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I'm trying to build a web application that is similar to Youtube (it's not a knock off), but I guess I don't know how video is served on the internet very well.

I know how to build regular database driven web applications, but nothing like the scalability of Youtube. All of the applications I have built before have all been run on one server with the files stored on the same box as the web server.

How does one decouple the application server from the file storage from the media server? I would more or less want four machines (clusters of machines):

  1. Application servers -- Present the web page, handle user uploads, link the user's flash player to the correct media server etc.
  2. Database shards -- Store user information, check favorites, etc.
  3. File storage -- Store the media files
  4. Media servers -- Serve the media files

How do I hook all of this together? Which technologies should I leverage? Where do I go to learn more about architecting this?

How does Youtube's embeddable flash stuff work? I want to embed my flash player on other websites and have it tie into my architecture.

Note: I have looked into:

But I still don't get the overall picture of how this stuff ties together. If someone can explain in high level terms how all of this stuff works?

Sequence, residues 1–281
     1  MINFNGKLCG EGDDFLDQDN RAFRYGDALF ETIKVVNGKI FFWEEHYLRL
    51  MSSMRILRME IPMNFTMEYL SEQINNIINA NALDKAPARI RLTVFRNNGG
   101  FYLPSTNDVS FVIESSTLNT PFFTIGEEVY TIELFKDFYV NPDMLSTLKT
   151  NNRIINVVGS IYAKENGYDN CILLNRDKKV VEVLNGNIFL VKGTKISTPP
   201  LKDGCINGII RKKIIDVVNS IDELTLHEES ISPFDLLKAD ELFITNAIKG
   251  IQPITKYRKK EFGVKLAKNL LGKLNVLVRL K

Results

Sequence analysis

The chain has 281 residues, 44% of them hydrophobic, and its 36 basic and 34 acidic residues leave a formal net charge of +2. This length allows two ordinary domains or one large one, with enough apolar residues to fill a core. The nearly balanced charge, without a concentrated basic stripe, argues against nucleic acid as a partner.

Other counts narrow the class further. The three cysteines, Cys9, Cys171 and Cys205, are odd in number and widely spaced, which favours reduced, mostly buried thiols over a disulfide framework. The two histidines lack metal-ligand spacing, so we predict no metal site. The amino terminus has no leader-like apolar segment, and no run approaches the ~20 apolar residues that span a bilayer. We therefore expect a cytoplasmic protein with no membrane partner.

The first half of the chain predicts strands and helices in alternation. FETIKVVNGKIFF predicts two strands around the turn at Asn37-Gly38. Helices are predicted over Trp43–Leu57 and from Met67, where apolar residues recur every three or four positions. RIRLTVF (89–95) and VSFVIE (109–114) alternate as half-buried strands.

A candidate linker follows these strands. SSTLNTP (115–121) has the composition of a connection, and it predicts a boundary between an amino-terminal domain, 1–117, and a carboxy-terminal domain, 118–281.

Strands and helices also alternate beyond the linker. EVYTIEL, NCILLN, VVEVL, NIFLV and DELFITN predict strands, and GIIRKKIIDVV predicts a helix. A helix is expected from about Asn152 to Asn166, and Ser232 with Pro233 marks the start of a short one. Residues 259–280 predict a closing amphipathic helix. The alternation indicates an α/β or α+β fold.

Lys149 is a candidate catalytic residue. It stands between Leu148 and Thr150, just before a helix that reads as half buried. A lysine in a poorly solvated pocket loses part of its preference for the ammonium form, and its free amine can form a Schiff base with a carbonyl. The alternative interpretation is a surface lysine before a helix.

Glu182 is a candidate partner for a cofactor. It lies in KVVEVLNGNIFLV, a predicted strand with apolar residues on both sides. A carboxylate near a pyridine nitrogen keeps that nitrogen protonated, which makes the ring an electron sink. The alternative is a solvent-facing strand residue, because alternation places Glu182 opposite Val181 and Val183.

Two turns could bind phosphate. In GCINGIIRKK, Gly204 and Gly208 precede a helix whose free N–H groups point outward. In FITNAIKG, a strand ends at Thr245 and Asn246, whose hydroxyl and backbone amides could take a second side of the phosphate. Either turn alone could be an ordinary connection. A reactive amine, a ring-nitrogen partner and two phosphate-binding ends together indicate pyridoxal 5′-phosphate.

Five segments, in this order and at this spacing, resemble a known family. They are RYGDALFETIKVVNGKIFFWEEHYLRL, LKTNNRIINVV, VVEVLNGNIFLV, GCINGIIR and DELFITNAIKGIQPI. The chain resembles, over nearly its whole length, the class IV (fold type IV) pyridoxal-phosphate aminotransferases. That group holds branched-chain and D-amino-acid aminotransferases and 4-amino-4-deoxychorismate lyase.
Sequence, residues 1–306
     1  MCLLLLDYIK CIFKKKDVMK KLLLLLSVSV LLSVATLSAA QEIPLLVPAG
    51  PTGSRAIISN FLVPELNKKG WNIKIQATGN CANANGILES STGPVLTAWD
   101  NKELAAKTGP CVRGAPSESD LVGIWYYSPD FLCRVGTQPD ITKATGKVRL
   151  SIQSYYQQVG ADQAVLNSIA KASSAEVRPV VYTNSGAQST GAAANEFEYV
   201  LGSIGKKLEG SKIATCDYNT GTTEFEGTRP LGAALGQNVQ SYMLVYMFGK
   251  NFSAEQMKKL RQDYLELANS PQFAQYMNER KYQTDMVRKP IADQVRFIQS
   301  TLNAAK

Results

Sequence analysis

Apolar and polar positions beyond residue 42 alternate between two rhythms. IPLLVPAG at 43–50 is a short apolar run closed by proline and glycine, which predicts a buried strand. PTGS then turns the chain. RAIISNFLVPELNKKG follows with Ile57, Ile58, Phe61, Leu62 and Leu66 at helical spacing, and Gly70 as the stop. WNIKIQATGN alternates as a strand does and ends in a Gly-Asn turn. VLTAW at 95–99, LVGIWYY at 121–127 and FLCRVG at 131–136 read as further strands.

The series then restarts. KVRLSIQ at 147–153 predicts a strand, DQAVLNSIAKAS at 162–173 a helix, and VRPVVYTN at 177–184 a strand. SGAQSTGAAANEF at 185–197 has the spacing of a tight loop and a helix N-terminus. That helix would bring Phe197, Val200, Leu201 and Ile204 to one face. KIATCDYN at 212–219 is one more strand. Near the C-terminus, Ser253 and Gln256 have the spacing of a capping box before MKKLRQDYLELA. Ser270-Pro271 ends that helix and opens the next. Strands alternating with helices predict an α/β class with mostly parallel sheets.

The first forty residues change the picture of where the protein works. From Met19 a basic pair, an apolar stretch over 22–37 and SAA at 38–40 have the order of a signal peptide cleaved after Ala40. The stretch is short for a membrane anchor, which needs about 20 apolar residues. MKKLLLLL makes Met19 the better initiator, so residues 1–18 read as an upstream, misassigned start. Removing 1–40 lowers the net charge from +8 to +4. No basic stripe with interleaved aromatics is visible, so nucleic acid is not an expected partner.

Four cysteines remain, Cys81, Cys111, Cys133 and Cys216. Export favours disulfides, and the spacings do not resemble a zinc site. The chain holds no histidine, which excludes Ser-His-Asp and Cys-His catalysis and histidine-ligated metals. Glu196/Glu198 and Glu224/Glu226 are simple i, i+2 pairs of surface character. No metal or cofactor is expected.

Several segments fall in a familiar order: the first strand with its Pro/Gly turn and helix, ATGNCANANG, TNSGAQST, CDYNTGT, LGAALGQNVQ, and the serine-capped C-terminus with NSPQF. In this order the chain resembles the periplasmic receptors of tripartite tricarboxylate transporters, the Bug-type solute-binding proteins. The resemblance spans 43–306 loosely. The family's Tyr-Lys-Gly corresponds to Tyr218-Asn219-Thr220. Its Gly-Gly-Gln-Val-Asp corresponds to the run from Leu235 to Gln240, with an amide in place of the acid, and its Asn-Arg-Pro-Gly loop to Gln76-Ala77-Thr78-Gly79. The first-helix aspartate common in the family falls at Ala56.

Are there dedicated client servers running internally to shuffle around all of this stuff between the application servers, file storage, etc. Is it all via HTTP using JSON, what is going on here!


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You can check out for some really cool stuff on this topic.

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How does one decouple the application server from the file storage from the media server?

You use a cluster file system like OCFS2:

SAN storage, OCFS2, each application server mounts the shared file system via iSCSI.

A more exotic solution is MogileFS, used by LiveJournal:


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Well, how it all fits together is however you want to fit it together really. There are so many options on how to architect a system of the type you're describing, what it really depends on is the particular application, and what you're comfortable with and how much it really needs to scale.

The best you can really do is take a look at all the different software in use for highly scalable websites, and read tutorials, documentation, and look at real implementations if you are able to. Take a look at messaging software like ZeroMQ, or other software based on AMQP. Look at scalable data stores that don't require manual sharding and normalization of databases. There are so many things you can read about that will give you some idea of how everything really fits together, and you can get a proper bird's eye view of a whole system.

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